As hemp and cannabis gain cultural currency, a new approach to construction emerges.
Courtesy of D-Kuru / Wikimedia Commons
As state after state slowly moves towards marijuana legalization, it seems like everyone is trying to cash in on the pot-farming boom. But legalization opens the door to a world of innovation and entrepreneurship that’s a lot wider than new, inventive ways to get high, like weed sodas. In “green rush” states like Colorado, farmers are taking advantage of the new legal environment to sow fields of hemp, marijuana’s THC-deficient cousin. Because of its relationship to cannabis, hemp has been illegal in America for over 60 years, despite a consistent chorus of supporters who have touted its use as a natural fiber and food supplement in Canada and Europe. Compared to the economic potential of legalized marijuana, that of pot’s fibrous cousin seems like small potatoes. Yet one use of the plant could revolutionize construction in the U.S., creating a new, lucrative industry for growers: Hempcrete.
Building with Hempcrete. Photo by Steven Craven
Also known as Canobiote, Canosmose, and Isochanvre, Hempcrete is a mixture of the woody cores of hemp (called hurds or shives) and lime. Either cast as blocks and finished with lime stucco or sprayed between walls as a paste, the material does not bear structural weight, but does form well-insulated walls and foundations. While many other materials boast the same qualities, Hempcrete is already beloved for its durability, workability, and cost efficiency: It’s less brittle than concrete and about one-eighth of the weight, nearly one-third the price of lumber, resistant to mold, insects, and fire, and potentially carbon locking (meaning it leaves a negative carbon footprint). As hemp grows to maturity within 14 weeks, often with no need for fertilizer, weed killer, or pesticides, it makes for a supremely easy-to-raise crop, comparable in price to existing materials. Its only major limitations are its lack of load-bearing capacity, long setting time, and relative obscurity, which could lead to property owners misusing or mistreating Hempcrete.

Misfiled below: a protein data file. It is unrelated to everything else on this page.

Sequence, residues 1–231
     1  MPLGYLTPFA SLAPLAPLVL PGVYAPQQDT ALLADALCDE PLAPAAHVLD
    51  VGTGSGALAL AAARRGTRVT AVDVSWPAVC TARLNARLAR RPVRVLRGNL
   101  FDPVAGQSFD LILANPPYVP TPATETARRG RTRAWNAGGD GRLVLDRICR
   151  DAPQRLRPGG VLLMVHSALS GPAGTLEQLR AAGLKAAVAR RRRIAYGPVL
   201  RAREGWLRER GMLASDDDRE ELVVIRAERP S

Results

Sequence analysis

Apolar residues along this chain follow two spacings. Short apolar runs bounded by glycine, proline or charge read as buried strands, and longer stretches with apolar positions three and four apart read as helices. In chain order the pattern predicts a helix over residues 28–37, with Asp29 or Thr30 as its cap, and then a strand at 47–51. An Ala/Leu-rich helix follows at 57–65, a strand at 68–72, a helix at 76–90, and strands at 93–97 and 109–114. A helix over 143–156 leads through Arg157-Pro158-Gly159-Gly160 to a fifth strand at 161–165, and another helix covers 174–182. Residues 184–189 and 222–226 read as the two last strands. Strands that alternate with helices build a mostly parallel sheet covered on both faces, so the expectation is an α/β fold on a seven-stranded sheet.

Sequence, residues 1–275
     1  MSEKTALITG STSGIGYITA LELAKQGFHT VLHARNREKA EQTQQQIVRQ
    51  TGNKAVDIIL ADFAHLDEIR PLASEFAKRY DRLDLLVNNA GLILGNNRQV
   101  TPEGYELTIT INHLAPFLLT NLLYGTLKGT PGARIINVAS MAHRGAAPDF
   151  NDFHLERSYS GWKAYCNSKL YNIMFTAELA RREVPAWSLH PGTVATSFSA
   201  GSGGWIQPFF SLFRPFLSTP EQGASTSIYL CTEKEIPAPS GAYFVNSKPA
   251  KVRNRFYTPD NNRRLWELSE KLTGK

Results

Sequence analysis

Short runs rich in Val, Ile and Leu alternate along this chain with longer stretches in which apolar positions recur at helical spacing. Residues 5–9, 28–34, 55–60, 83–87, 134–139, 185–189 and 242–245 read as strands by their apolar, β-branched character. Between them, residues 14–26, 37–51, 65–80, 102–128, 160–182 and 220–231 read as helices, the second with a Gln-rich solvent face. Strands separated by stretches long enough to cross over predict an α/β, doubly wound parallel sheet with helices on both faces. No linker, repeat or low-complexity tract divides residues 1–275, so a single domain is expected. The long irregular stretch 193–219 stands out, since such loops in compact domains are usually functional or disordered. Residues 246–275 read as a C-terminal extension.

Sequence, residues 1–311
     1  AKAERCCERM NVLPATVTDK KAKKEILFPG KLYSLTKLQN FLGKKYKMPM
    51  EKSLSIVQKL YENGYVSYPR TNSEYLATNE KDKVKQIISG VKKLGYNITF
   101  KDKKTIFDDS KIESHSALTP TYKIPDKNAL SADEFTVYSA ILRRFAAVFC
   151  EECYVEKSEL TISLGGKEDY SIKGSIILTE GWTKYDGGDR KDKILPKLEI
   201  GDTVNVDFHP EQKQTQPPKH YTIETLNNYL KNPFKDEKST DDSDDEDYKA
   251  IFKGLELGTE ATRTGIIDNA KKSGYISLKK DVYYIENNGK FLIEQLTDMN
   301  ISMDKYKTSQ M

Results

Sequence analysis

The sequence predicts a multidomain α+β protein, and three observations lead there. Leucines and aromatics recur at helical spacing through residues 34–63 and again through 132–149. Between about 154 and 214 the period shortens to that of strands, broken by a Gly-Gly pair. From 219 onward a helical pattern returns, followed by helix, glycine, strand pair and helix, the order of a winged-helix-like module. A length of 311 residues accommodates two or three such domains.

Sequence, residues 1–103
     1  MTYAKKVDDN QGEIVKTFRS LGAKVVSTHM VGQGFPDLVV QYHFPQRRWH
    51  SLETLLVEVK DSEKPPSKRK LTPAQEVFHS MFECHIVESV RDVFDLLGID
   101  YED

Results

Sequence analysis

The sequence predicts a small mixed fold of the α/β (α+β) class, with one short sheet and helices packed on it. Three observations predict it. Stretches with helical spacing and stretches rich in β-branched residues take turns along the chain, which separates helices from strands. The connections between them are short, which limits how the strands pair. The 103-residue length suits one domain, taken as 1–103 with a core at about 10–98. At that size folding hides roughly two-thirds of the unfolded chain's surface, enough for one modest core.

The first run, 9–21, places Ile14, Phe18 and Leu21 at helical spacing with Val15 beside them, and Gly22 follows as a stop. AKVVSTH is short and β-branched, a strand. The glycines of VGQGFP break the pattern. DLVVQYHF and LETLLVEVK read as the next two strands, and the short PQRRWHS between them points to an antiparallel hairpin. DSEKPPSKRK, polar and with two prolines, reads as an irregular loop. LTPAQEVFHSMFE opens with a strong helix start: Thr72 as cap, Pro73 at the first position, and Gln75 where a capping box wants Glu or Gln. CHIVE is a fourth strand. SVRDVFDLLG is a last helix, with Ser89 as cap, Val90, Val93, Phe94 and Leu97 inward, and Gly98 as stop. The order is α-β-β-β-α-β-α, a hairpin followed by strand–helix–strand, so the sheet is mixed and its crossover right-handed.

Close-up of Hempcrete
Although rare in America, antique samples of Hempcrete-like material have been found in a French bridge dating back to the 6th century C.E., and more recently, it’s been used in homes and high rises in Belgium, France, Switzerland, and the United Kingdom. It’s common enough that there are DIY books detailing how to work with the material. A few Hempcrete houses have even been erected in America since it was introduced in 2009, but given hemp’s federal illegality it still must be imported under restrained conditions, mainly from Canada and the United Kingdom.
As hemp gains traction alongside cannabis, we’re likely to see the already numerous Hempcrete suppliers multiply and prices decrease. But for now, the difficulties of moving hemp across state borders stall the product’s expansion. As legalization marches forward, though, and the first non-residential Hempcrete building rises in the States, America will likely soon recognize its odd status as the world’s only hemp-hating industrialized nation and embrace a promising new industry.